Allied Professionals (Non-physician submissions only) -> Clinical Research D-PO02 - Poster Session II (ID 47) Poster

D-PO02-039 - Impact Of Body Mass Index On Defibrillation Threshold Test Result And Shock Lead Impedance At Subcutaneous Implantable Cardioverter-defibrillator Implantation (ID 992)


Background: Subcutaneous implantable cardioverter-defibrillator (S-ICD) system is implanted without intracardiac instrumentation. Therefore, adverse events related to implantation of transvenous ICD system can be avoided. However, the defibrillation threshold (DFT) test is still recommended. At S-ICD implantation, the subcutaneous electrode must be positioned in close proximity to, or in contact with the deep fascia. On the other hand, it is more difficult to position the electrode appropriately in overweight patients. Higher DFT is known to be associated with overweight.
Objective: The aim of this study was to determine whether body mass index (BMI) is associated with DFT test results and shock lead impedance.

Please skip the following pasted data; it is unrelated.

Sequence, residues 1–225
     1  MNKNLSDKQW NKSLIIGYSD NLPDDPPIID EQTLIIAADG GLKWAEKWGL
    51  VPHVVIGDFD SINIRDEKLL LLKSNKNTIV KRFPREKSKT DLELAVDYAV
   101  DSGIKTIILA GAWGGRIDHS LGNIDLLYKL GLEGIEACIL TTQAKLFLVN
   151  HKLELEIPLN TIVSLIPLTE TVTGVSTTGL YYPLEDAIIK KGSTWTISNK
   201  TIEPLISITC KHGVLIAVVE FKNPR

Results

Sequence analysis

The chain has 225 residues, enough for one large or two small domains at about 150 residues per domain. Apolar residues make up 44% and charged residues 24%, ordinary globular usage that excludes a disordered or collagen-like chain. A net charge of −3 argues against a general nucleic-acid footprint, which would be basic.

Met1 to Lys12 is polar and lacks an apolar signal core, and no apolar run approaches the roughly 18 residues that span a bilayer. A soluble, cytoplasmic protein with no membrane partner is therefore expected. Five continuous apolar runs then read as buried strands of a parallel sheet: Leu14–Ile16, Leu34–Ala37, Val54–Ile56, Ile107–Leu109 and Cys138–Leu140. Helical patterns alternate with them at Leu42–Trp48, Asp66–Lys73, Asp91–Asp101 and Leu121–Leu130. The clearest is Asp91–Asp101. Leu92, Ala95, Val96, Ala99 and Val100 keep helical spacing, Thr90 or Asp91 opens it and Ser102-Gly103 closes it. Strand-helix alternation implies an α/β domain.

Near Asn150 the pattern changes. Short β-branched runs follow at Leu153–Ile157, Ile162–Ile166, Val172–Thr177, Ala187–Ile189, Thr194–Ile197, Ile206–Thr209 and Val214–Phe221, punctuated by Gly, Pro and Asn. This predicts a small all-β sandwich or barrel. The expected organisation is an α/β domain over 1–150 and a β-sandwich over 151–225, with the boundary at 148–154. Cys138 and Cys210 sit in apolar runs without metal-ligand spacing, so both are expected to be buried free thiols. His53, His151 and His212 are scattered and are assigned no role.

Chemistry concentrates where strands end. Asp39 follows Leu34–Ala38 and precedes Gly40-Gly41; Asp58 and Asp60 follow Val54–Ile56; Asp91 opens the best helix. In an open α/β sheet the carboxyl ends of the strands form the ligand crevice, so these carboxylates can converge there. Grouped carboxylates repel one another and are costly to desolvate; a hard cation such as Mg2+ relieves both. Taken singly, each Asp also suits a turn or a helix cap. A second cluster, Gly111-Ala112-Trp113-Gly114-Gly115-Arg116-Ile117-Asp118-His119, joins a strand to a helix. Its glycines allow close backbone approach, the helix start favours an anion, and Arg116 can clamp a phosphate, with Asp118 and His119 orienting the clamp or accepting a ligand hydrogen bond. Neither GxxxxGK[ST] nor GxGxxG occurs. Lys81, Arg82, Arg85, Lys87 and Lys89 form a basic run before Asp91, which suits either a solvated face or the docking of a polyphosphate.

Methods: Between February 2016 and November 2019, 101 patients underwent S-ICD implantation at our institute. We categorize them into 2 groups: BMI below 25 kg/m² (BMI<25 group) and BMI 25 kg/m² or above (BMI≥25 group). Then we compared DFT test results and shock lead impedance between two groups.
Results: There were 68 patients in BMI<25 group and 33 patients in BMI≥25 group. DFT test was performed in 57 patients in BMI<25 group and 30 in BMI≥25 group. Conversion success rates at 65 J were 98.2% in BMI<25 group and 90.0% in BMI≥25 group (p = 0.81). Conversion was successful at 80 J in the remaining patients (1 in BMI<25 group and 3 in BMI≥25 group). Shock lead impedance was not different between two groups (61±17Ω in BMI<25 group, 63±12Ω in BMI≥25 group; p = 0.58).
Conclusion: BMI was not associated with DFT test result or shock lead impedance. From our single center experience, higher BMI does not affect the use of S-ICD clinically.